T-Mobile’s Binge On cellular data plan offered customers a trade: streaming video from select services won’t count against data caps but quality of the video would be limited.
The simple-sounding plan caused outrage from net-neutrality activists, angry CEO Twitter rants, and allegations that T-Mobile's plan amounted to unfair data throttling.
On Thursday, T-Mobile announced YouTube and Google Play Movies would be available on its data plan, among other partners and updates. Google's video giant was previously one of Binge On's most vocal critics. The partnership could signal calmer times for T-Mobile ahead.
What made Google change its stance?
In December 2015, YouTube accused T-Mobile of throttling data and violating rules put in place by the Federal Communications Commission (FCC), The Christian Science Monitor reported. The video streaming service’s complaints were based around two points: T-Mobile was throttling all video data, regardless of where it came from, and it was interfering with customers’ ability to access video services.
T-Mobile has addressed those issues, according to Google.
In a blogpost, Google explains that they agreed to partner with the Binge On program because of improvement to the service that suitably addressed their original concerns.
For customers: T-Mobile has increased the amount of information on what the Binge On service does and made it easier to turn off. Instead of searching through the settings menu on their phones, customers can now turn the plan off by texting an SMS code and clicking two buttons on the T-Mobile app.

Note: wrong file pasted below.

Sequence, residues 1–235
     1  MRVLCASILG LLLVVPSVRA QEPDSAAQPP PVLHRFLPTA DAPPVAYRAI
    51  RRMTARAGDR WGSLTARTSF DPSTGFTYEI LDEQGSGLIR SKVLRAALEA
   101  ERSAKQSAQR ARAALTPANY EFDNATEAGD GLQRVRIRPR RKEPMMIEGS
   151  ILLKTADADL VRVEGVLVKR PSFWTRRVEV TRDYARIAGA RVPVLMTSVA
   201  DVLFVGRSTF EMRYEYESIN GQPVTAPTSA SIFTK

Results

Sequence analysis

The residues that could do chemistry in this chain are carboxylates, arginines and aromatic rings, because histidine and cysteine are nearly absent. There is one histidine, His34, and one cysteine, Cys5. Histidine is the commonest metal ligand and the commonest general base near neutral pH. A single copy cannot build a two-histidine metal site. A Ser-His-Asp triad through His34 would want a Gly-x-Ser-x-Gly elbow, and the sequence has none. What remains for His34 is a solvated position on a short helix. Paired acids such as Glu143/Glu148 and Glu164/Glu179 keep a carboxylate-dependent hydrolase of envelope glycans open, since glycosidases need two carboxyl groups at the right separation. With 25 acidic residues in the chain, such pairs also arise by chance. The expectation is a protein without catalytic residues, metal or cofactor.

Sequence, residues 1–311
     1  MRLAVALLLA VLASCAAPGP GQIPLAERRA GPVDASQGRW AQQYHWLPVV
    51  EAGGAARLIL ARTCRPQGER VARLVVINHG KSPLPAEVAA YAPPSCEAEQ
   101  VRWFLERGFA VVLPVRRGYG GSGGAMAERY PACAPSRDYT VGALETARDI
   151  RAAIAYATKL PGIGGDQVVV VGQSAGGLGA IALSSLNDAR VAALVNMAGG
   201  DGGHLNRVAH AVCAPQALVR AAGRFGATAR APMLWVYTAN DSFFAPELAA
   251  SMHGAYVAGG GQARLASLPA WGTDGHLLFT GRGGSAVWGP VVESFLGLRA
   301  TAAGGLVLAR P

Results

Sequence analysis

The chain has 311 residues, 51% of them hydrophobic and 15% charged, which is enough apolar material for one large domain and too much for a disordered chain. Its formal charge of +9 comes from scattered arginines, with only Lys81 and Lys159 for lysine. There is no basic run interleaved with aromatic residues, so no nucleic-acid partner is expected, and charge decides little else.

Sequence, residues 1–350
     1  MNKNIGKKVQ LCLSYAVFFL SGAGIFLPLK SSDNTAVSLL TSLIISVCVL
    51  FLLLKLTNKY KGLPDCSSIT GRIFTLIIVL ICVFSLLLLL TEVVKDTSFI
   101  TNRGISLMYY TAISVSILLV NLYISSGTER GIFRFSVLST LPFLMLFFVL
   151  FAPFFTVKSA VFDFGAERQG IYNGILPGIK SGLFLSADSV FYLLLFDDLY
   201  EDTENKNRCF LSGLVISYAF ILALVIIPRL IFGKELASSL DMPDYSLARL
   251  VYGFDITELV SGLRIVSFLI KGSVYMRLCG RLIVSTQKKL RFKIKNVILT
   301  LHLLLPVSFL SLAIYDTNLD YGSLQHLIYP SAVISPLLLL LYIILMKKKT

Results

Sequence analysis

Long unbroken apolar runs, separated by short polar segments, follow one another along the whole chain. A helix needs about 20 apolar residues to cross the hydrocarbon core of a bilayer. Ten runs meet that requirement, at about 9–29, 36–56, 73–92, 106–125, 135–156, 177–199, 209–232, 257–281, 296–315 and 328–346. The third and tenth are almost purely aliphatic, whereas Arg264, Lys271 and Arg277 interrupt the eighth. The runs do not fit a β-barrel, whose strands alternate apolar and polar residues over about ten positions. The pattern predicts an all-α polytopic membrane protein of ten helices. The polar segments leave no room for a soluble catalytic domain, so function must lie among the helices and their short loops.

For video service providers: T-Mobile now allows video providers to opt-out of the program, leaving their video data untouched. And for services that agree to partner, there is more control over how their video data is managed.
Do those changes mean the era of controversy for Binge On is over? Not quite yet.
The requirement that users opt out of the Binge On service is still a problem for some opponents of the practice.
The Electronic Frontier Foundation (EFF), a digital-rights group, highlighted the issue in their proposed solution in January.
The EFF explained that stopping throttling of all video streaming services who haven’t partnered with Binge On would be a start, “but the best option would be to make Binge On opt-in (instead of opt-out),” which would ensure customers were actively consenting to using the service.
But it’s unlikely T-Mobile is feeling any further pressure to change. The company has faced no resistance from the FCC and it seems confident that won't change in the future. “Binge On has always been compliant with net-neutrality rules. Our decision to make the opt-out available to all video-streaming partners was a business decision, not a legal one,” a T-Mobile spokesperson told The Christian Science Monitor by email.
And controversy hasn't dissuaded Binge On users, according to T-Mobile.
Customers are watching twice as much video, millions of gigabytes have been streamed at no cost, and video streaming partners have reported boosts in viewership, according to a T-Mobile press release.